Please note: This review is based on, and all quotations come from, an uncorrected NetGalley proof.
In her latest historical novel for young adults, Luck of the Titanic (G.P. Putnam’s Sons Books for Young Readers, May 2021, $18.99), author Stacey Lee sets her story on the doomed maiden voyage of the legendary ship, again examining a time and place where Chinese people were present but have been rendered invisible in books. While most of the Chinese characters spend all their time in third class, the novel’s protagonist, 17-year-old stowaway Valora Luck, moves breezily between first and third class. Val claims a first-class cabin by impersonating a wealthy widow but frequents third class to be with her twin brother, a seaman transferring via the Titanic to a new post. Val pushes him to perform their childhood acrobatics act again. She wants to work with him toward a shared destiny in America, but he loves his life at sea.
When the story begins, Val cannot understand why Jamie is content to be away from her and their act. The two were London street performers as children, earning their family’s bread when other resources were frittered away by their Chinese father, who was whimsical, and as Jamie would insist, often drunk. After their British mother’s early death, Jamie blames their father and leaves home, finding work shoveling coal with a steamship’s boiler room crew. Val stays home and cares for their father, mostly seeing the best in him. Now he is gone, and she wants to be with the only family she has left. She knows that Albert Ankeny Stewart, part-owner of the Ringling Brothers Circus, is aboard the Titanic. If she and Jamie can perform for Stewart during the voyage, maybe they can emigrate to America as circus stars, despite the racist Chinese Exclusion Act.
Between impersonating Mrs. Sloane in first class and searching for Jamie in third class, Val must fool the crew and explore much of the ship. Along the way, readers get to know the characters and the Titanic through Lee’s detailed and often humorous descriptions. The officer who detains Val when she sneaks on board, for example, comes to life through Lee’s playful use of irony. The officer, named Merry, wears a dour expression — perhaps due to the pressure of living up to his name, Val observes. His severe uniform also reinforces this humorous juxtaposition: his tie hangs like a noose from his “severe white collar,” and Val feels judged by his “jury of eight brass buttons” set against a “humorless field of navy.” “The stairway spills onto a wide corridor that runs from port to starboard, such that if the Titanic was a fish, this corridor would be the collar, the choicest piece to eat.”
As Val flits between first and third class, her Mrs. Doubtfire-level costume and accent changes require some suspension of disbelief, but they also provide ample opportunity for Lee to comment on social distinctions between the classes. In first class, Val enjoys complimentary fruit and lemonade and relaxes on a chaise longue, observing or chatting with wealthy fellow passengers. Below decks, Val wears Jamie’s spare “sea slops” and cuts her hair short so she can pass as a boy. She makes her way through crowded hallways and tours a boiler room where the ship’s speed is set by human sweat.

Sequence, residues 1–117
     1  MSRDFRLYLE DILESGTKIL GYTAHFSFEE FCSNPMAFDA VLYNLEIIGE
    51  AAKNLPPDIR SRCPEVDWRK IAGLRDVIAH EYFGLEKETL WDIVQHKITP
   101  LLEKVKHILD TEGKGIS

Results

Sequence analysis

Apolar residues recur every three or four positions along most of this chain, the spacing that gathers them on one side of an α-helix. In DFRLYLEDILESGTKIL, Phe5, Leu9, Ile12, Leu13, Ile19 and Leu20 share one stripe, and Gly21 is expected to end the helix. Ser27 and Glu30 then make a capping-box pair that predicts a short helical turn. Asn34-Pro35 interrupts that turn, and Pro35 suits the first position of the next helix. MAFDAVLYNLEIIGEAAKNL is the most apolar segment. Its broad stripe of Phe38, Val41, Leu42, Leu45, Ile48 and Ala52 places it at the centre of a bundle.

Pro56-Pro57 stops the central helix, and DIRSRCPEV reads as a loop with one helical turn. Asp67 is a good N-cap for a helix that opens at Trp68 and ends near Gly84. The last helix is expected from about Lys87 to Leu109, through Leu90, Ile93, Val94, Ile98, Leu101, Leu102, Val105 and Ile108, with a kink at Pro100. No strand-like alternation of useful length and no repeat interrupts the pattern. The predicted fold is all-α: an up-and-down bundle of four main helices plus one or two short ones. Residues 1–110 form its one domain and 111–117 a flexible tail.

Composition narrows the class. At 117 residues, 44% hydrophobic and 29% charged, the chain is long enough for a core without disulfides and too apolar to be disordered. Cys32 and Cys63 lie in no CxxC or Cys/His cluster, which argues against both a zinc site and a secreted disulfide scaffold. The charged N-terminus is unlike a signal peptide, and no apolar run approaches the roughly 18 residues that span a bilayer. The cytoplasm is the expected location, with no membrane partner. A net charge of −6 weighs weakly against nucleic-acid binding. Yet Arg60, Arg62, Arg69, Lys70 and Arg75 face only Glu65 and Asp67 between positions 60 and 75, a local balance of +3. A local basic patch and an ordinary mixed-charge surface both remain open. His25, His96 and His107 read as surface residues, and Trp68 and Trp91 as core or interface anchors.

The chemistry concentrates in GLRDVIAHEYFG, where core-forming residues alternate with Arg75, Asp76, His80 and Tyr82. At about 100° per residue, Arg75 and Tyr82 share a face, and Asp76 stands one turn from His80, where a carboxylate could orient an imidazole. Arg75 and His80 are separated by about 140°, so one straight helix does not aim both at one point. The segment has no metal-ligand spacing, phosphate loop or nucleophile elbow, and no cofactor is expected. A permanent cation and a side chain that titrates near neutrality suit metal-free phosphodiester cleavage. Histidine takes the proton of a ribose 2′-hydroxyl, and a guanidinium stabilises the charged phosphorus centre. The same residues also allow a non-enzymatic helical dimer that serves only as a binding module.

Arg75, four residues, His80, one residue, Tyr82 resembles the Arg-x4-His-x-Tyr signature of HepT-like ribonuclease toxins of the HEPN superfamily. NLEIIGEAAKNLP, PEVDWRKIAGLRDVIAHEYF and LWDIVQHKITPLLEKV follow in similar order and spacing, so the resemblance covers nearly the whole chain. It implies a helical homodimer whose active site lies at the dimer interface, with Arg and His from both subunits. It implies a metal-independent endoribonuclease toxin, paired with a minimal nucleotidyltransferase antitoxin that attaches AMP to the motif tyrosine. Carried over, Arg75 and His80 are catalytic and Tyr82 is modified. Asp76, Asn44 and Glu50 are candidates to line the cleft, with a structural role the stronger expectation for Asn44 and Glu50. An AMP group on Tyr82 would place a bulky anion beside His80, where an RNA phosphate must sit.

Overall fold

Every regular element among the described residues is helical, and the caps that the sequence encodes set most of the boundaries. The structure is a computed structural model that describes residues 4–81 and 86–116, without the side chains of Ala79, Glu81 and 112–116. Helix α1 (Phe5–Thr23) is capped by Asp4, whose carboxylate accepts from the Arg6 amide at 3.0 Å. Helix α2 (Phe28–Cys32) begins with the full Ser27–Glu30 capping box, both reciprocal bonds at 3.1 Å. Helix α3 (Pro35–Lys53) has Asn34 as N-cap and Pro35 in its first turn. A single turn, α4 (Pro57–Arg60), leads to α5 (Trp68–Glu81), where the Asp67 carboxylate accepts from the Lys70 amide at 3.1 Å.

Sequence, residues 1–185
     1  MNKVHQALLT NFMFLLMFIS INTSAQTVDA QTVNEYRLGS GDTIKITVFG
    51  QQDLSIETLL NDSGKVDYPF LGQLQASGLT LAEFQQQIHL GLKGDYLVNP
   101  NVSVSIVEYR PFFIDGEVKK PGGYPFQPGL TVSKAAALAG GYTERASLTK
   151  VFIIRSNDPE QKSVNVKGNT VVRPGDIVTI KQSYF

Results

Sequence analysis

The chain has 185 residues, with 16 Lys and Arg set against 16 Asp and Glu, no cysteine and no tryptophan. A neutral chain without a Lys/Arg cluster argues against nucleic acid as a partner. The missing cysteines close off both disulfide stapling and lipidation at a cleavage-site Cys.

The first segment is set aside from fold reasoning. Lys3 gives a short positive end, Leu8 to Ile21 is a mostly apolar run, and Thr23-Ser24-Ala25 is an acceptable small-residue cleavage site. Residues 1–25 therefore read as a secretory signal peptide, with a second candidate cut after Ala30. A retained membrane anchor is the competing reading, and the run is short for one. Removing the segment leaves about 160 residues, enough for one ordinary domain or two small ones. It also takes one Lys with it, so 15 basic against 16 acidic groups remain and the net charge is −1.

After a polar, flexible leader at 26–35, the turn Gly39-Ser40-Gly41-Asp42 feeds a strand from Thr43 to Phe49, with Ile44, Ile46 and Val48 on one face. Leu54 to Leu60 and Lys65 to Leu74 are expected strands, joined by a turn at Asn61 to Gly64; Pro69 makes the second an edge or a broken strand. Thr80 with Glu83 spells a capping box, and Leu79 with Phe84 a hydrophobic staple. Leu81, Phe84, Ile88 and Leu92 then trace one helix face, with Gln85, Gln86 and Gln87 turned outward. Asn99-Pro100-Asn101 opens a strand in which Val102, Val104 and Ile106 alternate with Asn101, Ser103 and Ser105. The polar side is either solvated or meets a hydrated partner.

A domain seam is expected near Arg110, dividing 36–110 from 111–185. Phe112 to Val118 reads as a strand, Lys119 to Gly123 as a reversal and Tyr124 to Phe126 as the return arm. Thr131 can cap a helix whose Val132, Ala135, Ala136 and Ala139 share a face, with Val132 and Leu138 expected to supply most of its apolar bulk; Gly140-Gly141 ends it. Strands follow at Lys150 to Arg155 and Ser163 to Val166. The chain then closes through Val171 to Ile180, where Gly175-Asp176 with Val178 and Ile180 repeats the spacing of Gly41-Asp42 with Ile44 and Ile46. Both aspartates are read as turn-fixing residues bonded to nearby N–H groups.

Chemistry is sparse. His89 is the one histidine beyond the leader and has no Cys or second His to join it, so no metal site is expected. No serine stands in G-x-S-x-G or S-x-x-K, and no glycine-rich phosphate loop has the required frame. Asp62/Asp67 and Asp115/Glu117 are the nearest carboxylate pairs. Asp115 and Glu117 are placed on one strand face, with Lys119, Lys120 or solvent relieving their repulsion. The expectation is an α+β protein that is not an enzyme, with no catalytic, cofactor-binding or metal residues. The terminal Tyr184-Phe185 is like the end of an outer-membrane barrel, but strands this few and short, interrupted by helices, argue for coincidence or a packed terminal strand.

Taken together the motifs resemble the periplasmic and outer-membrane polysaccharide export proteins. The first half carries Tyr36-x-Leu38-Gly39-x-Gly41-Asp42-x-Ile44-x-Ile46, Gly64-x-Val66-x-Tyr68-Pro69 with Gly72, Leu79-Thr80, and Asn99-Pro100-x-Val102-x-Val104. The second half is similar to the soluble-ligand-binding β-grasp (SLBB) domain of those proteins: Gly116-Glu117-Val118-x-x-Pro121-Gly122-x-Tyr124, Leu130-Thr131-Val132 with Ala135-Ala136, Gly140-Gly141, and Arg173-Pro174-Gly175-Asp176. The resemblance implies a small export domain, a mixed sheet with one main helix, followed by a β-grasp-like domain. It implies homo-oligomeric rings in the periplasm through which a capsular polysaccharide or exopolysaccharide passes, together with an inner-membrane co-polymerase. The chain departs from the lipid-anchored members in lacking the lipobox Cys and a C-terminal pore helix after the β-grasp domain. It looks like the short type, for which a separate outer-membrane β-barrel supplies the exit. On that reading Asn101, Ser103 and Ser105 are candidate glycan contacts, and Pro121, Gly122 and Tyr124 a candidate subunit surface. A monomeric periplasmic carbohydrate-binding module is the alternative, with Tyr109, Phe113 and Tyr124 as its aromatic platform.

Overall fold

Antagonism toward Chinese people proves to be the one constant across class divides. In first class, Val must wear a veil to hide her Chinese features. In the third-class dining room, she sits at the only table at which Chinese people are seated. She notices that, unlike other tables, this one has no bread. At the substantial risk of making a spectacle of herself, she asks for some. “The diners within earshot spear us with disapproving looks, the kind reserved for sewer rats and unwashed feet,” she reports, and when a basket is finally delivered to the table, it is filled with burnt, rock-hard bread heels.
Romance often propels plot in both Titanic lore and young adult literature, but in Luck of the Titanic, romance is simply part of Val and Jamie’s experiences, not the driver of them. Jamie’s relationship with Charlotte Fine contributes to themes of class and race division, since Charlotte is wealthy and white. Jamie is allowed to be with Charlotte in first class only after she assures the crew that she has contracted him to help care for her anxious little dog. As Val focuses on her plan to convince Jamie to leave the sea and join her in America, she grows to appreciate Jamie’s best friend Bo. Initially pegging him as a show-off, she discovers he is insightful, strong and artistic. When Val asks why he decided to carve a whale for her, he responds, “A whale rules the sea. It goes where it wants without fear. And if troubled, it can become a bird […] beating wings hard enough to stir up the sea. It means being in control of your destiny.”
With Bo’s help, Val comes to understand why Jamie loves his life at sea. The boiler room is “not how I’d expected it to be — dark, grim and indifferent — but rather it’s warm, even thriving.” Jamie is content with his friends, a view of the stars at night and space to breathe. Val is happy for him, but nonetheless her happiness is tempered by ambivalence as she muses that the possibility that she and her brother are on different paths pinches her heart “between two sticky fingers.” Nevertheless, she comes to observe that, “Life is a balancing act, and the better you get at juggling, the better you get at living. But juggling is not an act of holding tight. It’s an act of letting go — of giving the people you love the time and space to find their own orbit.” As the novel progresses toward the Titanic’s fateful night of terror and ice, Val must navigate new ways of looking at her past and her future as she decides which vision she will ultimately embrace.